Archive for the ‘Cultural Insights’ Category

Sufi Muslims and Islam

Could the West gain a foothold in the battle against Islamic terrorism by working to strengthen Islam? Yes, under certain conditions, suggests this intriguing essay in the Boston Globe. According to the author, Philip Jenkins, the West has a natural ally in the Sufi Muslim movement, which is a more mystical branch of Islam that has […]

The canals freeze, the Dutch rejoice

Anyone who is familiar with the Netherlands knows that the Dutch have a unique and special relationship with the water. And in the winter, what they really want to do is to skate on the frozen water of the canals that crisscross their country. Sadly, though, an activity that was once an annual obsession now happens […]

The dwindling Zoroastrians

Most people know that Judaism, Christianity and Islam, the world’s three great monotheistic religions, all sprang from the Middle East. But how many are aware that another significant – and even older – monotheistic faith also arose in that region of the world? Zoroastrianism was born in the Persian empire, in what is now Iran, and was […]

The shoe toss heard round the world

By now, everyone has heard of the Iraqi journalist who threw his shoes at President George Bush during a press conference. Almost all of the press coverage has dutifully reported that throwing a shoe at someone is a grave insult in the Arab world, a comment that has sparked countless other individuals to respond with […]

Whirling dervishes

Have you ever heard of the whirling dervishes? Have you ever seen a performance? The only one I ever saw was, oddly enough, in Egypt and not Turkey, which is the country more commonly associated with these spiritual dancers. Nevertheless, the performance by the lone dancer I saw was incredible. I couldn’t take my eyes off […]

History, patience and fatalism in Egypt

Egypt has a history that stretches back thousands of years. It’s a boon for the tourist industry, which draws millions of annual visitors to the Pyramids, the Valley of the Kings and other such sites, but the country’s long past also has an interesting cultural influence as it seems to induce a sense of fatalism in the […]

Four Seasons in Rome

I just finished reading a book called “Four Seasons in Rome,” by Anthony Doerr. One the surface, it’s the tale of a husband and wife who move to Rome for a year (for a writing fellowship) with their two children. The catch is that the children are twins and are only a few months old […]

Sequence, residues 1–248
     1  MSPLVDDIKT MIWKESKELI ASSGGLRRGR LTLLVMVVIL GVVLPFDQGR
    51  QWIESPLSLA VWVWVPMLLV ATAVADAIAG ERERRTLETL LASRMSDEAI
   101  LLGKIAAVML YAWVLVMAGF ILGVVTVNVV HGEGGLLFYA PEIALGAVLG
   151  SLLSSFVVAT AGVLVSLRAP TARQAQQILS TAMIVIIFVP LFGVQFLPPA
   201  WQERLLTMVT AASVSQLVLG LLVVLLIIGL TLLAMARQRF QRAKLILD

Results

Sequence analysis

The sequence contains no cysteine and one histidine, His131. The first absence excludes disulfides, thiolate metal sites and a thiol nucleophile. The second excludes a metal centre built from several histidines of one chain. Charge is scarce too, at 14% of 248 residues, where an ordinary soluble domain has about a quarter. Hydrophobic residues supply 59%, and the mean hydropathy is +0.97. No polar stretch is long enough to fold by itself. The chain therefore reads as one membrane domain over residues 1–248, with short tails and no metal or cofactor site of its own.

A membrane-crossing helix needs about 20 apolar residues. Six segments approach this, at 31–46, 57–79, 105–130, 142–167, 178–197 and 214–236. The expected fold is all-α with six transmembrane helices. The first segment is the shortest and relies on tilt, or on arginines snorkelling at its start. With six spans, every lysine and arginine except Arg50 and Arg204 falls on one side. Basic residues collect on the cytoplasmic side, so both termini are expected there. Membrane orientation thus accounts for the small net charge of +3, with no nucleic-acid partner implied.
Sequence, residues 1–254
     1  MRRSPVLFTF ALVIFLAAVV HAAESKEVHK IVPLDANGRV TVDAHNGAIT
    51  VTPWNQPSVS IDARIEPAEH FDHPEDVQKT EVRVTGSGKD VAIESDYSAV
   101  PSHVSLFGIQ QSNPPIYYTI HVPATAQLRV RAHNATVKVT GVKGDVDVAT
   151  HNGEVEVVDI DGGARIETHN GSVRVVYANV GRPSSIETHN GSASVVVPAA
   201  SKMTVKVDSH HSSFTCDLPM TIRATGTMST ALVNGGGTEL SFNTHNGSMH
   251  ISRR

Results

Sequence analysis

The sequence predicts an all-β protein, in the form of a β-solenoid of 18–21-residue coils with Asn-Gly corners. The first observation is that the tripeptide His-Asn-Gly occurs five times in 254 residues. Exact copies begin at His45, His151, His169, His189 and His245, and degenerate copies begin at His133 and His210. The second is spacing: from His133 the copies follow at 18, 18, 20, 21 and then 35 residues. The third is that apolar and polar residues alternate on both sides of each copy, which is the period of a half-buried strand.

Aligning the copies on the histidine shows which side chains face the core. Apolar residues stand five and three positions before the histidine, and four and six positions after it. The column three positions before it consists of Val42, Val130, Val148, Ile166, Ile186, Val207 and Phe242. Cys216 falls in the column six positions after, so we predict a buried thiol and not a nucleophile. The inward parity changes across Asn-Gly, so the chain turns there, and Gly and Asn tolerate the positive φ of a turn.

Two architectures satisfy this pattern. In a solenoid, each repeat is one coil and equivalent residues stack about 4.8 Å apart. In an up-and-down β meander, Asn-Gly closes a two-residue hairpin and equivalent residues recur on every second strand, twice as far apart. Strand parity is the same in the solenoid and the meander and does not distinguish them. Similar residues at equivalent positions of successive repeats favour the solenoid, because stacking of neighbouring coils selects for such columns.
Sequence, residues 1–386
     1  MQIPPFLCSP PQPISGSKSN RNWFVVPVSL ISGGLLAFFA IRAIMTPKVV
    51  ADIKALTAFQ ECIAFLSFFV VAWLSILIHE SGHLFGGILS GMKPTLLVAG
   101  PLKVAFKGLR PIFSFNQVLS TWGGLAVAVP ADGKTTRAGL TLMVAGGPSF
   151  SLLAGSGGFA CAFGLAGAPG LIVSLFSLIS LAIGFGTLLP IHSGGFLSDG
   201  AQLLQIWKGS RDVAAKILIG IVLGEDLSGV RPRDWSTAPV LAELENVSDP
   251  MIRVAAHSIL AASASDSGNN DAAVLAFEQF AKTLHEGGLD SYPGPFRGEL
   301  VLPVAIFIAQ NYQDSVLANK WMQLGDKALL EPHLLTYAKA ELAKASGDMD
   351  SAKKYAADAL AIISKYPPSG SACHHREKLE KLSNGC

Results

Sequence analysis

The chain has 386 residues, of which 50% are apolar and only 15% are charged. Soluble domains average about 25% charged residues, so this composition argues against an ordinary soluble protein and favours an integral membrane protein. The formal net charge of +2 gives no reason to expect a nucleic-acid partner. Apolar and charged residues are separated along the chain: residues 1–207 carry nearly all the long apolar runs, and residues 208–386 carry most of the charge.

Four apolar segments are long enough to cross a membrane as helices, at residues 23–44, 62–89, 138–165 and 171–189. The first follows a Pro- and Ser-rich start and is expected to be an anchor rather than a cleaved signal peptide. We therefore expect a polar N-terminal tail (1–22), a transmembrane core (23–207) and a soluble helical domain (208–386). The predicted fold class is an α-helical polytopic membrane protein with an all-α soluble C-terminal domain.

The culture of Italian food

I came across a great article about a movement that has sprung up in Italy to preserve the country’s culture of cooking and serving good food. Ah, but Italian food is always good, you might say. Perhaps, but the members of the Home Food movement contend that something of the country’s heritage is being lost – […]

The American wanderer

Wandering is ingrained in the American soul. There is a transience inherent in the U.S. which is somewhat exhilarating and sad at the same time, as it reflects both the rootlessness of millions of people but also the unique capacity of Americans to do or be almost anything they desire. The NY Times recently published an intriguing […]

Describing Seattle

Here is another entry for an expanding collection of posts about the character and culture of various cities.  Charles Johnson is a writer and professor who has lived in Seattle since the 1970s, and he described his vision and experience of this city in an essay for Smithsonian Magazine. An excerpt: Former UW president William Gerberding once referred to […]

Differences between individualist and group-oriented societies

David Brooks usually focuses on politics from a conservative perspective in his NY Times op-ed column, but every once in a while he has a piece that delves into culture in some form or other. That is what he does in today’s column, which looks at some of the differences between individualist and group-oriented societies. This […]

The paradoxes of Tel Aviv and Israel

There was an interesting recent article about Tel Aviv in the New York Times travel section. It’s interesting because it not only gives the typical tourist overview of a destination, but it gets into the culture and the psyche of Tel Aviv and Israel. An excerpt: Tel Aviv is “half Iran, half California; it’s a synagogue […]

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